It became the most-watched English-language series on Netflix at the time. Bridgerton has also made superstars of its cast of relative unknowns, among them Phoebe Dynevor, Regé-Jean Page and Galwegian Nicola Coughlan. Available to watch on Netflix.

Kit Harington and Emilia Clarke in Game of Thrones

5. Game Of Thrones (originally written by George RR Martin) Arguably one of the most successful page-to-screen leaps of all time, GoT attracted a record viewership for HBO.

Set on the fictional continents of Westeros, Sothoryos and Essos, the show seemed to capture a true zeitgeist moment. The show, which was partly filmed in Belfast, has long been praised for its fine handling of the characters, story and scope, and is the proud recipient of 59 Emmys to date. Available to watch on Now TV.

Kate Mulgrew and Natasha Lyonne in Orange Is the New Black

6. Orange Is The New Black (originally written by Piper Kerman)

After being indicted on charges of felonious money-laundering activities, Piper Kerman wrote a memoir about her time at FCI Danbury, a minimum-security federal prison.

Under showrunner Jenji Kohan’s steerage, Netflix’s Orange Is The New Black became a searing commentary on violence against women and judicial bias against women. The series also touched on themes like sexuality, trans identity, race relations and class, and became something of a cultural trailblazer. Available to watch on Netflix.

Jodie Comer in Killing Eve

7. Killing Eve (originally written by Luke Jennings)

Killing Eve may forever be associated with the sharp pen of Phoebe Waller-Bridge (and Oscar winner Emerald Fennell, who wrote the second series), but the slick spy thriller originated with Jennings, a Booker-nominated author.

Some argue that the franchise was destined for the screen treatment, and those who enjoyed Jodie Comer and Sandra Oh’s smouldering performances — not to mention amazing costume design — would likely agree. Available to watch on RTÉ Player.

Anya Taylor-Joy in The Queen's Gambit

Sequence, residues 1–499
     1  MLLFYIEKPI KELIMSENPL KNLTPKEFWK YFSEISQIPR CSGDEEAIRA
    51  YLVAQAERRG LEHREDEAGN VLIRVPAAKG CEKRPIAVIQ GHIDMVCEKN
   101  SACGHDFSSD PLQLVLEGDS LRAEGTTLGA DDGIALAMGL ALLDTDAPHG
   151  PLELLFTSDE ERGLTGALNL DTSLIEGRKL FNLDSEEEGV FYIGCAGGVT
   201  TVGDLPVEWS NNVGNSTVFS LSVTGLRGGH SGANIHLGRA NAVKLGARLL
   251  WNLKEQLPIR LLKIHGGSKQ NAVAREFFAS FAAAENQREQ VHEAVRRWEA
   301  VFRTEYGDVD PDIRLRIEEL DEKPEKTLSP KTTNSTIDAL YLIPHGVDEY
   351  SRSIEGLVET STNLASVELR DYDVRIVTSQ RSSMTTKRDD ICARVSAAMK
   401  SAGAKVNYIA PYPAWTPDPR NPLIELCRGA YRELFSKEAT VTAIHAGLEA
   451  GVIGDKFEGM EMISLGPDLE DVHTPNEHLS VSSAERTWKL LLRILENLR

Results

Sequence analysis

8. The Queen’s Gambit (originally written by Walter Tevis)

The adaptation of Tevis’ 1983 book hasn’t been without its challenges: Nona Gaprindashvili, the Georgian chess master that the book and series are based on, hit Netflix with a $5m defamation lawsuit, alleging that a line in the TV series referring to her real-life success was “manifestly false, as well as being grossly sexist and belittling”.

That aside, the story of a fictional chess prodigy who battled drug and alcohol dependency on her rise to the top was well received critically. Anya Taylor-Joy became a breakout star. Available to watch on Netflix.

Colin Firth wearing that wet shirt in Pride & Prejudice

9. Pride & Prejudice (originally written by Jane Austen)

Jane Austen’s work has received the screen treatment time and time again, although it’s agreed that the BBC’s adaptation in 1995 (starring Jennifer Ehle as Elizabeth Bennett and Colin Firth as Mr Darcy) was a watershed moment for the canon.

The Guardian breathlessly described the iconic scene of Firth in a wet shirt as “one of the most unforgettable moments in TV history”. Meanwhile, the series was acknowledged for not only turning Firth into a heart-throb, but for kickstarting Helen Fielding’s Bridget Jones series. Available to watch on Netflix.

Kit Connnor and Joe Locke in Heartstopper

10. Heartstopper (originally written by Alice Oseman)

This 2022 series, based on the coming-of-age graphic novel, boasts a rare distinction: 100pc approval rating on the review aggregator website Rotten Tomatoes.

Critics and audiences alike have fallen for the heart-warming portrayal of young LGBTQ+ love, as played out between schoolboys Nick (Kit Connor) and Charlie (Joe Locke). Within a week of its release on Netflix, the series had garnered a reported 23.9 million hours’ worth of viewings. Available to watch on Netflix.